The story of the blind old bard's life as unfolded by Dr. Douglas Hyde in his own inimitable style is a veritable romance. We have the Irish on one side and the English on the other for the sake of convenience, and few will leave the book aside without reading it to the end. It appears that Anthony Raftery was born about the year 1784, near Kiltimagh in Co. Mayo. When he was about nine years of age he was struck with small—pox and lost his sight. He began then to learn the fiddle. Coming into the Co. Galway he spent his life here, especially between Athenry and Loughrea or Gort, making a livelihood for himself with his songs and fiddle. "There were," says Dr. Hyde, "three or four good poets at this time in Connacht, like MacSweeney and Barrett, in the Co. Mayo, and some of the old people say that they were better poets than Raftery. But the greater part of their poems are lost, and for this reason it is difficult to institute a comparison between them, nor would it be right to do so. For these two were men of learning and knowledge and means; while here we have Raftery, without house, home, shelter, dwelling, without knowledge of reading or writing, without mastery of any other language than his own Irish, and yet he has left his mark behind him to the present day, more deeply, I think, than they have. If this book were of no other use than to collect the songs made by this unlettered man it would be worth the trouble." In this we cordially agree with the author. It would be impossible in the short space at our disposal to give many quotations from the plethoric wealth of song before us, dealing with all sorts of subjects, from "grave to gay, from lively to severe," but one or two may be permissible. Here is one description of himself: —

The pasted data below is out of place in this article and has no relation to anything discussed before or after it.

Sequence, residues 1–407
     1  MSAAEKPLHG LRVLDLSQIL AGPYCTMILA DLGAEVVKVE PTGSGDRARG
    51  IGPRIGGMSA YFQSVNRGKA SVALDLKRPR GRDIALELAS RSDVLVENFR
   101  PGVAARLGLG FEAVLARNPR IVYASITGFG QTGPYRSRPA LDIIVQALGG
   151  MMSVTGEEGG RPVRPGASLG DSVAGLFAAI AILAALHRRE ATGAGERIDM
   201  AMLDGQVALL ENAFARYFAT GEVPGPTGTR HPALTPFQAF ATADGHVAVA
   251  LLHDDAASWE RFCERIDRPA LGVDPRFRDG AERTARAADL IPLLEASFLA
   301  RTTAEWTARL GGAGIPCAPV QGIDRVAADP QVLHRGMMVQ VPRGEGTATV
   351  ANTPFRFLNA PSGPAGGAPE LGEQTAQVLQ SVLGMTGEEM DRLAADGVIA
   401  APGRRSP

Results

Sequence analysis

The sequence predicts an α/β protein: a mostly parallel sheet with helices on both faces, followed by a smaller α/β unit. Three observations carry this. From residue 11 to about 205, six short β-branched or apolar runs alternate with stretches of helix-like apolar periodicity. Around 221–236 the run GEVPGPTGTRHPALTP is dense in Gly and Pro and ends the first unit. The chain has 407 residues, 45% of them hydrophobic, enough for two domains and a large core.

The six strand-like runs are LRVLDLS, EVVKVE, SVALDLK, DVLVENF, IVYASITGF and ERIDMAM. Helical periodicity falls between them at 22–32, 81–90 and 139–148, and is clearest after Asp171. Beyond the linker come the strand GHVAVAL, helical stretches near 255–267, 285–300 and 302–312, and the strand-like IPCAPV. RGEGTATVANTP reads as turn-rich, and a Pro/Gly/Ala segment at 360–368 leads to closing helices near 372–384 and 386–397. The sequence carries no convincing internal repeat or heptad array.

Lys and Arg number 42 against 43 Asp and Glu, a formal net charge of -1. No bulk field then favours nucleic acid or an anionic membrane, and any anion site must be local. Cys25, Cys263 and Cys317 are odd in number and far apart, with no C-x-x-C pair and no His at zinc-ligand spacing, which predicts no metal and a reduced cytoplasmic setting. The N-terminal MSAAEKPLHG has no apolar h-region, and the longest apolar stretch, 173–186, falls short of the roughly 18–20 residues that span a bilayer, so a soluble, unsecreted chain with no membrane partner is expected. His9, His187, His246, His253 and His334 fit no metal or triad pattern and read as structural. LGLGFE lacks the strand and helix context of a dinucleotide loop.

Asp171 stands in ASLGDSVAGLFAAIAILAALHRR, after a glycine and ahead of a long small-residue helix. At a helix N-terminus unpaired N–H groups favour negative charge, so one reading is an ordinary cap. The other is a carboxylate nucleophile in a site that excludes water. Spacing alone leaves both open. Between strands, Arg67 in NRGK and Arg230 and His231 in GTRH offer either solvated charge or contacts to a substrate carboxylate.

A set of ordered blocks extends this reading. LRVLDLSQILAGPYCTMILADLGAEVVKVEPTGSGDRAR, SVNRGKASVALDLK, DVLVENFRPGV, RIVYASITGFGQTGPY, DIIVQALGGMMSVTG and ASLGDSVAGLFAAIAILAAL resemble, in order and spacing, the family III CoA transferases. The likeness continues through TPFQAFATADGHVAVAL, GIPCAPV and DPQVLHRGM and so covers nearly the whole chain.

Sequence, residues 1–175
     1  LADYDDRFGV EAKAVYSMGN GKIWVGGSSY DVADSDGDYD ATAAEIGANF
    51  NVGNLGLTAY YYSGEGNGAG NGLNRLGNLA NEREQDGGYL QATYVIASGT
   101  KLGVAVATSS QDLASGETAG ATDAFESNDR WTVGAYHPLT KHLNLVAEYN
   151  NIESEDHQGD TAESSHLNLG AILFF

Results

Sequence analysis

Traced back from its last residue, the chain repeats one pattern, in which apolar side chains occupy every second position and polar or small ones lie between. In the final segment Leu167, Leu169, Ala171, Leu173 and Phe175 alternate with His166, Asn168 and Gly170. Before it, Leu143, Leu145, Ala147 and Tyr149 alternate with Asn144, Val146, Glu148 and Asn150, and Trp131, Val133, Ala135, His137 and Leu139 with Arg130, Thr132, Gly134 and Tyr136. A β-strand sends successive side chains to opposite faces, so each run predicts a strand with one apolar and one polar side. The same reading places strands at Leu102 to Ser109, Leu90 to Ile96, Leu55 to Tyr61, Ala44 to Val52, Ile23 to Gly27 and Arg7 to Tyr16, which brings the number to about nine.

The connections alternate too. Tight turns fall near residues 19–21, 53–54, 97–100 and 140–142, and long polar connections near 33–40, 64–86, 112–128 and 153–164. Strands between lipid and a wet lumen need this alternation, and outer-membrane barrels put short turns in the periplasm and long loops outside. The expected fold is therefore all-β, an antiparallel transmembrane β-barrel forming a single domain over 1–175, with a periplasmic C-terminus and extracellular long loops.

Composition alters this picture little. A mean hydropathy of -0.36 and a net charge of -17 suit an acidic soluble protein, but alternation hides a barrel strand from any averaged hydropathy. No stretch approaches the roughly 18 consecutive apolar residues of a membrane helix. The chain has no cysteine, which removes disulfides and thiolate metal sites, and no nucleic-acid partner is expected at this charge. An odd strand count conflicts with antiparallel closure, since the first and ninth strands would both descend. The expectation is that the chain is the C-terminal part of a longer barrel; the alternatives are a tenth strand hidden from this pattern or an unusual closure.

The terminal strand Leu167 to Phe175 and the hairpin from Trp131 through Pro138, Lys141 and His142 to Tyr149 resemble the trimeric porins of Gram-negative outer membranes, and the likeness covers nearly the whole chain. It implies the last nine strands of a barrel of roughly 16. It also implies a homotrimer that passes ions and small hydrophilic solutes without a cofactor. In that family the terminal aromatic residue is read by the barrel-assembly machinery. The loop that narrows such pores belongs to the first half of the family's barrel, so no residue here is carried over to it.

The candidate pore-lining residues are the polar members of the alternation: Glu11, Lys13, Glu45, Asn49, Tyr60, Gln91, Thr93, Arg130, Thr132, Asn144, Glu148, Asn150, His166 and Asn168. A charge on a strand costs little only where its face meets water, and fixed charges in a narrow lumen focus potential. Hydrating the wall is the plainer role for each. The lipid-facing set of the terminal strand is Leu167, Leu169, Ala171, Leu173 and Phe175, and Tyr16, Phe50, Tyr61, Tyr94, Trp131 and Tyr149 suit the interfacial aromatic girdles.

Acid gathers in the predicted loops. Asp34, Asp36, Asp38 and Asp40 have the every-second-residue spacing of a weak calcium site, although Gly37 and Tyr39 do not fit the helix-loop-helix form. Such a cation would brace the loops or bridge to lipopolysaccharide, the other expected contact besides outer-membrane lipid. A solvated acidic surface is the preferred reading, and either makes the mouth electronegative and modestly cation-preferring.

I am Raftery.